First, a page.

“This system increases compliance, decreases trips to the pharmacy and increases the likelihood that you are getting all the medications you need for the month," Pharmacist Scott Evans said.
• It eliminates having to go sort through 10 or 12 bottles while filling a med planner each week.
• It takes the guesswork out of which tablet goes where.
• The medications are synchronized so they can all be refilled at the same time each month.
• The packaging makes for easier traveling - each package meets all labeling requirements and one has to pack only the amount for the time traveling.
Below: another option for the same concept.
A pill box system with visual reminders
Below is the system I currently use to organize and simplify which pills to take at which time of the day. I wanted to make it better than just conveying what day to take. I rearranged the daily boxes in the holder tray so that their position communicated visual clues for the status of the pills - taken already or not yet taken. When the tray is positioned on the shelf, the sightline shows the full box with the label facing dead-on to the viewer, the half full position moves the label away at an angle, and the empty position places the label in a tough to see horizontal position.
Concept: rotate the boxes within the base to convey different statuses of the contents. Visual reminders of pills taken so far that day.
Left to right:
• Monday morning: All boxes full, labels facing user.
• Friday morning: Mon-Thurs boxes empty, Friday-Sunday boxes full.
• Friday afternoon: Mon-Thurs boxes empty, Friday morning pills taken - box rotated halfway up to show half empty.
• Saturday morning: Friday box empty, box rotated up all the way, label away from user.
• Sunday night: All boxes empty.
Please be skeptical of advertising copywriters
Note the line that catches your eye - 3 Simple Ingredients. That's pretty cool. Not a lot of junk.
Wait, a closer look - It starts with 3 Simple Ingredients. Whoa, there could be many more, including junk. Note that starts with is set in a smaller point size and all lower case - like they're trying to sneak it by us without getting noticed.
Some guy turned these bags of chips upside down on a store shelf, exposing the package half-full of air. The package designers put solid printing on the top half of the bag to hide the air.
The two above have their instructions buried in blocks of copy, in a small point size, and reversed out of the red background.
Now look at the better brand below. The designer of these packages was considerate of the reader. The heading, Cooking Instructions, is large and easy to find. The most important info (the time) is large, set in a box, and put on a higher contrast background. Users can scan the back of the box easily and quickly find the info they are looking for. Microwave ovens are fast, their instructions should be, also.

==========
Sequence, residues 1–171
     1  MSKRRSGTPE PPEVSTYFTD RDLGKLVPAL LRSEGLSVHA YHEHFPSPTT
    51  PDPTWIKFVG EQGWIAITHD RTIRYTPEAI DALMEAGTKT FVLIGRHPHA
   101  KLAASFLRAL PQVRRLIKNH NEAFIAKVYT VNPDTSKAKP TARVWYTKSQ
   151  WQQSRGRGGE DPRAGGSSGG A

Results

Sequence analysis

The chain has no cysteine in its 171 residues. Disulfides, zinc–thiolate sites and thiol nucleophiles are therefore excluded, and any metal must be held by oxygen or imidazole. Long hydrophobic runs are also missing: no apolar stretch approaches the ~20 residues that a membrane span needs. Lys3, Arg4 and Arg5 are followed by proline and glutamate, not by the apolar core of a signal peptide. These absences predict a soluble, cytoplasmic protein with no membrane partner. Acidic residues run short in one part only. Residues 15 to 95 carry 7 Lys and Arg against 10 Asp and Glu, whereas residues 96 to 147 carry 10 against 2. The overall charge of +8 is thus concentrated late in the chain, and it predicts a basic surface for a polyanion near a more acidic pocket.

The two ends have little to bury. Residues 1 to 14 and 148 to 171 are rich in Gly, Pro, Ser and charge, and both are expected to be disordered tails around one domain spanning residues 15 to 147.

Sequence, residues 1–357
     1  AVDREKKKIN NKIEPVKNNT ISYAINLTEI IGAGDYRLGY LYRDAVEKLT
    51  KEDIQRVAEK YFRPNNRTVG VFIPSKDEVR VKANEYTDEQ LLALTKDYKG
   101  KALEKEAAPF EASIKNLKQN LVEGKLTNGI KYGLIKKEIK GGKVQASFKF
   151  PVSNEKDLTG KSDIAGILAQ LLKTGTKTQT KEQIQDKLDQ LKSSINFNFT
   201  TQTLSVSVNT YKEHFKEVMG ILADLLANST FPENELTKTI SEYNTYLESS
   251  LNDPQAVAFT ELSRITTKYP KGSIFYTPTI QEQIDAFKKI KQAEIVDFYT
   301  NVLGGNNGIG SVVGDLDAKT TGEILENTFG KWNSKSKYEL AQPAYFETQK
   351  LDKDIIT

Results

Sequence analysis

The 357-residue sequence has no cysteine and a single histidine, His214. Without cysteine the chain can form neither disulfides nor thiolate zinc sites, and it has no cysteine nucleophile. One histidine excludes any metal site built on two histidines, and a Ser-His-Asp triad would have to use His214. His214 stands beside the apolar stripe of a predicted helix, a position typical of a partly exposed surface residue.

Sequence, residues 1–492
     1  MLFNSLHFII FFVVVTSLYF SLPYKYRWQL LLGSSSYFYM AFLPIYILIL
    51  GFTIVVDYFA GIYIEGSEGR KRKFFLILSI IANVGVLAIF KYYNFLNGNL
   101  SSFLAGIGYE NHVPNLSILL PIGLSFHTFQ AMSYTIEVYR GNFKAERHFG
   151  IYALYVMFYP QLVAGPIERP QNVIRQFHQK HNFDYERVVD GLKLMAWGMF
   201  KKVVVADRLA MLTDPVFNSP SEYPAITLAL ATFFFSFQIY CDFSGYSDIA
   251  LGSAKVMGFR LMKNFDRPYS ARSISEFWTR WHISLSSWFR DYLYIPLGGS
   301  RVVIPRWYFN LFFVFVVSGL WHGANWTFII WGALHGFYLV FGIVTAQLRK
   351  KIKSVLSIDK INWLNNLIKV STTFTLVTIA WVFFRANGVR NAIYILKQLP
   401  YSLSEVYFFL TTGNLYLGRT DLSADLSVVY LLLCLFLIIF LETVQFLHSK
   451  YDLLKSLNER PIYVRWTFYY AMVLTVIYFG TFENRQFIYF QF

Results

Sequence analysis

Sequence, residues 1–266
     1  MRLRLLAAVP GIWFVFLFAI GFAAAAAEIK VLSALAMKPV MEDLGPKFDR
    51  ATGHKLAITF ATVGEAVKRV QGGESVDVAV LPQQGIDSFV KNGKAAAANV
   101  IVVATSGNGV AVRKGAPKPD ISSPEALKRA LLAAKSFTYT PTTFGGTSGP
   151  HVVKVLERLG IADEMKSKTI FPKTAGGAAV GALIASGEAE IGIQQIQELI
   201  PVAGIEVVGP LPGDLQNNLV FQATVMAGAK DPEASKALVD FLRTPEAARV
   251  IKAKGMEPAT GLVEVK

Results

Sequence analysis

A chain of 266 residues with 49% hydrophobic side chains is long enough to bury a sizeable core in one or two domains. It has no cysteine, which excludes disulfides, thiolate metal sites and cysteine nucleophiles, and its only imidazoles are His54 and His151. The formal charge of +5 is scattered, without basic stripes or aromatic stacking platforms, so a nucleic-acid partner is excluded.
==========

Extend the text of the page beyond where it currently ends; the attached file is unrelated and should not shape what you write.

The box above has two important steps - Prep and Cook. Both are very clear at a glance. The prep photo makes sense.
A simpliifed wine label
This needs no explanation - the concept is immediately apparent. KFC is acknowledging and responding to our habits of eating while in the car. The GoCup sits stable in your car (no more balancing on your lap or teetering on the console) and has a wide mouth top for easy access to the food. For now, we'll ignore the issues of fast food nutrition, overeating, and distractions while driving. This is a great idea that, as fat and lazy as we are, fits well the modern American lifestyle.
A better way to check out
This happens too often, at too many stores - the cashier can't find or reach the UPC code on the package with the scan gun. He/she or the customer has to wrestle the object in position so the gun can reach it to scan the code. In the above example, the code is buried and hidden in the very lower right wrinkles. The cashier has to take the bag out of the cart to access the code.
The solution is so simple
Print 4 UPC codes - one in each upper corner, front and back of the bag. Then, no matter how the customer places the bag in the cart, the cashier can easily find it and the scan gun can reach it.
• Negatives: there are none - no additional cost.
• Positives: Great additional convenience - faster and easier checkout. Better for the cashier, the customer, and the people in line behind the customer.
Below left: Existing top of the bag. Right: Better.